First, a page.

I always hear, “Why would you want a person in your life if you’re not romantically involved anymore?”
Not long ago, we published a story by Jeremy Glass called, "I Don't Want To Be Your Friend" One longtime reader wrote in with an official rebuttal.
When I first started having sex, I promised myself that I would make sure it would never be awkward to run into someone I’d slept with on the street. Over the years, I’ve occasionally thought back to that promise and chuckled about how abominably naïve I was.
But recently, I decided to go through the sex list I keep in my iPhone (what, you don’t have one?), imagine running into each of them on the street, and crunch the numbers. The results weren’t bad at all. Of my 25 partners, I’d be downright pleased to run into 9 of them. Those guys range from good friends, to people I occasionally exchange a friendly g-chat with, to people I’ve lost touch with but would be genuinely happy to run into. It would be slightly, but not terribly awkward to run into 7 of them- I’d probably make up a fake doctor’s appointment after 10 minutes or so, but it wouldn’t be a miserable experience. There were only 5 guys I would really hate to encounter; 3 guys who treated me awfully, 1 I made an awkward mess of breaking up with, and 1 I really should not have slept with for reasons that will not be delved into today.
The promise I made to stay friends with, or at least on good terms with, my exes has not gone as poorly as you'd presume. So why do so many people think staying with an ex is impossible?
When this topic comes up, I always hear, “Why would you want a person in your life if you’re not romantically involved anymore?” That question makes no sense to me. I want my exes in my life because I love them. The fact that we are no longer considering the possibility of making babies together doesn’t change that. I’m no longer with Ben because he wants to live in the desert, be in a poly relationship and do a lot of peyote, while I prefer to live in the city, be monogamous and do no peyote- nothing about that suggests to me that we should never speak again. I’m not with Kevin because he wants kids now and I want them in ten years; you’re really going to tell me there’s no point in us staying in each other’s lives for that reason?
When people say it’s impossible to be friends with an ex, what they really mean is it’s a lot of work they don’t feel like making the effort to do. What is this concerted effort comprised of? You have to end the relationship respectfully, not by cheating or suddenly going radio silent. Then you have to take a serious break from communicating in order to move on. Then you have to deal with any lingering anger and resentments, forgive their sins and atone for yours. Then you have to set boundaries, stick to them, and be continually respectful of the other person’s emotions. Most importantly, you have to resist the temptation to backslide when the demons of loneliness and horniness try to convince you that maybe you should be together after all. In many ways it’s as difficult as an actual relationship, but if you reject the idea that hard work should only be reserved for monogamous romantic relationships, it’s work worth doing.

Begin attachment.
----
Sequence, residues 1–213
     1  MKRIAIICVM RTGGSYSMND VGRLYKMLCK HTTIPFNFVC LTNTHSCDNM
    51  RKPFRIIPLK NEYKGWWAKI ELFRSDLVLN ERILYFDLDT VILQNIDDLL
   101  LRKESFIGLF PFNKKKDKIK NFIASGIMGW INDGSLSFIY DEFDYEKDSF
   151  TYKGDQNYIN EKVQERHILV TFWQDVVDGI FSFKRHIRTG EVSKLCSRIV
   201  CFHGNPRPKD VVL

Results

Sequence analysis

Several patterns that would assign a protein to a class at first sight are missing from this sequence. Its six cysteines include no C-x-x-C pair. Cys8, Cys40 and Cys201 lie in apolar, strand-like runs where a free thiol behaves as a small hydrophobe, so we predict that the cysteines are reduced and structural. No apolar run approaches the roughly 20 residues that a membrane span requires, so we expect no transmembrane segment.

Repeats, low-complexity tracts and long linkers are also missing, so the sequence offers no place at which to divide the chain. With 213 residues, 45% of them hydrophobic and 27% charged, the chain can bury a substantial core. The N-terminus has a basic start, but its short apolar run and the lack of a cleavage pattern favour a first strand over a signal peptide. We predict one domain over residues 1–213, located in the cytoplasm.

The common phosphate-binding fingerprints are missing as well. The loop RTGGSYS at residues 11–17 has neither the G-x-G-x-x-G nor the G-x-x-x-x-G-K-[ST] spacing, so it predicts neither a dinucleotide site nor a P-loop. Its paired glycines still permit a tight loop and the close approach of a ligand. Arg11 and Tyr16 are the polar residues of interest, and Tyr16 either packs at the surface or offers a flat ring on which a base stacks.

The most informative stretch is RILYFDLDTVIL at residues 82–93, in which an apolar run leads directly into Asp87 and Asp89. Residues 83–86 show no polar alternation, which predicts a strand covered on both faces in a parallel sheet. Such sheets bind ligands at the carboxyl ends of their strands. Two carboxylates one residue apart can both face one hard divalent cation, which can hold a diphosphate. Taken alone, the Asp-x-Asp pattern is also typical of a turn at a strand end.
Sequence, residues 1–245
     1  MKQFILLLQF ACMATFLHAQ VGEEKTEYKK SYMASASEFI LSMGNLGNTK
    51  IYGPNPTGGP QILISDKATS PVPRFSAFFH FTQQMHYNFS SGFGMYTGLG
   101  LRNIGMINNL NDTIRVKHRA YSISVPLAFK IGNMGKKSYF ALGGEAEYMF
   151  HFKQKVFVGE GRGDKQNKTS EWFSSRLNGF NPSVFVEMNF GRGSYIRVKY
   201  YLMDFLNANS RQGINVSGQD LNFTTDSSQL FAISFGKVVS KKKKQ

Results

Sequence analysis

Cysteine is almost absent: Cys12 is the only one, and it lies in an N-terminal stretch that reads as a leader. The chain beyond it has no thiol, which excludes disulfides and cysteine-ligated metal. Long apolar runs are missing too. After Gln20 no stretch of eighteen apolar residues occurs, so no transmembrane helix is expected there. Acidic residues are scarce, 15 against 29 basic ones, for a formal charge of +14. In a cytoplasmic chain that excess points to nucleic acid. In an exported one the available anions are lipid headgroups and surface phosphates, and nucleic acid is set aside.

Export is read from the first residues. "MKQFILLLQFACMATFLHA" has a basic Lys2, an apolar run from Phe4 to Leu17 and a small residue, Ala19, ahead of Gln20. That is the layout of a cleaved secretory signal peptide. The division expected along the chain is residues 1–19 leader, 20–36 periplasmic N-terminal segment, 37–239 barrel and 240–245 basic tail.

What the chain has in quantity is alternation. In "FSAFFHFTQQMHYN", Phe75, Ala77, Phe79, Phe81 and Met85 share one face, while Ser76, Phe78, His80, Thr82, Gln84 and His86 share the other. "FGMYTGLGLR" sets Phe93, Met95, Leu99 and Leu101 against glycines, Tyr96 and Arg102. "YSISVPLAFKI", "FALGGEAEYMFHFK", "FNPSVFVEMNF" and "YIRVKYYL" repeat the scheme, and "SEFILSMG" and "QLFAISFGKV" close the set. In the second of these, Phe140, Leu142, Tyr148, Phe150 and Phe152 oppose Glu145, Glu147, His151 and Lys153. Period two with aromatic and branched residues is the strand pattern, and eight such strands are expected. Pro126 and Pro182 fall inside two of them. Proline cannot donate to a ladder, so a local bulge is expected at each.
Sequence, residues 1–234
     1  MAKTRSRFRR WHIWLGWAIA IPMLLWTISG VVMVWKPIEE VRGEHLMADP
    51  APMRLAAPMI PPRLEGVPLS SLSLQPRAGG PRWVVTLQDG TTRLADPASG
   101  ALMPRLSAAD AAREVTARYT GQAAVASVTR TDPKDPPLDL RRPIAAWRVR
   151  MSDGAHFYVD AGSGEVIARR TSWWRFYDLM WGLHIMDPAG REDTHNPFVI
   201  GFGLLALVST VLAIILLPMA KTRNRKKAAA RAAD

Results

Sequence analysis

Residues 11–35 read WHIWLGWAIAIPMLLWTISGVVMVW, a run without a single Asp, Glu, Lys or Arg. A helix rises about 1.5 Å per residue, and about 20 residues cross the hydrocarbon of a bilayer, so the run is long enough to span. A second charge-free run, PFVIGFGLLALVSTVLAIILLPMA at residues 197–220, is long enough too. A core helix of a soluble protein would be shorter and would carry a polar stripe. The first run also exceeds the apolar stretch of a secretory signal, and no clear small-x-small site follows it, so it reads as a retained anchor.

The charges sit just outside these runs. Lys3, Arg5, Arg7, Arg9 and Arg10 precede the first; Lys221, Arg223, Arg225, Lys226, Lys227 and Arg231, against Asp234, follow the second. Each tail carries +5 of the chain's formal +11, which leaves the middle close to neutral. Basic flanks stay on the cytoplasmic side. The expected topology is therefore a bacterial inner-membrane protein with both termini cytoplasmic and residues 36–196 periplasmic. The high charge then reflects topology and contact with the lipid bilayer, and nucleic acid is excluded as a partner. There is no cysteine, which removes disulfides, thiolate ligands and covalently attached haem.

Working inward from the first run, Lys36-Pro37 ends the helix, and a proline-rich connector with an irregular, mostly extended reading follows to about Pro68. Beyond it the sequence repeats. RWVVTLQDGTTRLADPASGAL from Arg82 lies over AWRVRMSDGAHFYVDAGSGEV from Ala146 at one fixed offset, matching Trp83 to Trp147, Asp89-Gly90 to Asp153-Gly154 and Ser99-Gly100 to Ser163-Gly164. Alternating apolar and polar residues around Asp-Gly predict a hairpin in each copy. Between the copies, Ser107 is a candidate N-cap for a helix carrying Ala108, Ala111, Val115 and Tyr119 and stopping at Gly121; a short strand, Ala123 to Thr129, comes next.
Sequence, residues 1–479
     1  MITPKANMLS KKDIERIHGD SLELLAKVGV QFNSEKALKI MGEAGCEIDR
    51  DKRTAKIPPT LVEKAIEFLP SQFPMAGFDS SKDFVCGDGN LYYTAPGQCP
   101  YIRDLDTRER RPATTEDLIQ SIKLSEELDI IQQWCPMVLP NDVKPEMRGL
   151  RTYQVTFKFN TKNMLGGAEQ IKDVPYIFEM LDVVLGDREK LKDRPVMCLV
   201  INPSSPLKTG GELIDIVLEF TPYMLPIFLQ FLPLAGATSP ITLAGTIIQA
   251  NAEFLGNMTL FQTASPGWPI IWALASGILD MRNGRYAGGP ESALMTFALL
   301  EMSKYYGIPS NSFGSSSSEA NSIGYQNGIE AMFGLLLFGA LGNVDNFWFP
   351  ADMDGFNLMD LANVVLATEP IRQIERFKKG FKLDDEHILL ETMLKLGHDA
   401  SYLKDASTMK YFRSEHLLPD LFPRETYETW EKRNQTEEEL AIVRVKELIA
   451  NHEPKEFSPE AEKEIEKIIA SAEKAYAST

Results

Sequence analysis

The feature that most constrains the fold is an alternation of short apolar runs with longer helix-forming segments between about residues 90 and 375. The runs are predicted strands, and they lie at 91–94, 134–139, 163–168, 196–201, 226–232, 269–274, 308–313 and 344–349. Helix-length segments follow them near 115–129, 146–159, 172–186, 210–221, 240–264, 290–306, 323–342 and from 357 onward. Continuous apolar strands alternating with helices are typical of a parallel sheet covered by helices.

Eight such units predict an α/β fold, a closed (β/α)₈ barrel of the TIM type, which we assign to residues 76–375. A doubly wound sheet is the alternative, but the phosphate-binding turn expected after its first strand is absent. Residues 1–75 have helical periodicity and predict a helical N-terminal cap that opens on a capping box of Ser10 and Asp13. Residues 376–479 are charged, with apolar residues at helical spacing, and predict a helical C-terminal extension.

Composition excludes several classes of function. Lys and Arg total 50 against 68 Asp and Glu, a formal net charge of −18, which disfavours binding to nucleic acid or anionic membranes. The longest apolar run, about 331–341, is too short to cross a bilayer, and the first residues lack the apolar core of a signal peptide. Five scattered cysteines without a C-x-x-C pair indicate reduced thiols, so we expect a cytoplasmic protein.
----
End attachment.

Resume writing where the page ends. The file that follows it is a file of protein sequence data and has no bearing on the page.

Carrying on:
At its core, the idea that you can’t be friends with an ex is enmeshed with society’s heteronormative expectations. We’re taught to see our lives as a narrow trajectory towards marriage and kids, with some less-important sub-plot characters involved whom we call ‘friends’. In that world, once someone’s romantic potential is gone, they must be discarded. They’re no longer a potential spouse and they’re not a buddy, so what’s the point? But I prefer to surround myself with people I love deeply without fitting them into a preset structure, and that means I can keep loving someone even if we’re not going to make a family or become a monumental part of my future. I’ve noticed that my queer friends are more likely to stay friends with exes than my straight friends, and that makes perfect sense to me. They’re already in the business of bucking society’s expectations for their relationships, and the whole ‘you can’t be friends with an ex’ thing gets tossed out with the rest of it. Relationship are too complex, multifaceted, and grey to end and begin on such finite terms.
I’m not trying to convince anyone to stay friends with exes if they don’t want to. But we should stop telling each other it’s impossible. As in most cases, it’s just a bad idea to tell people they shouldn’t love each other or that a person outlives their usefulness when you're no longer romantically linked.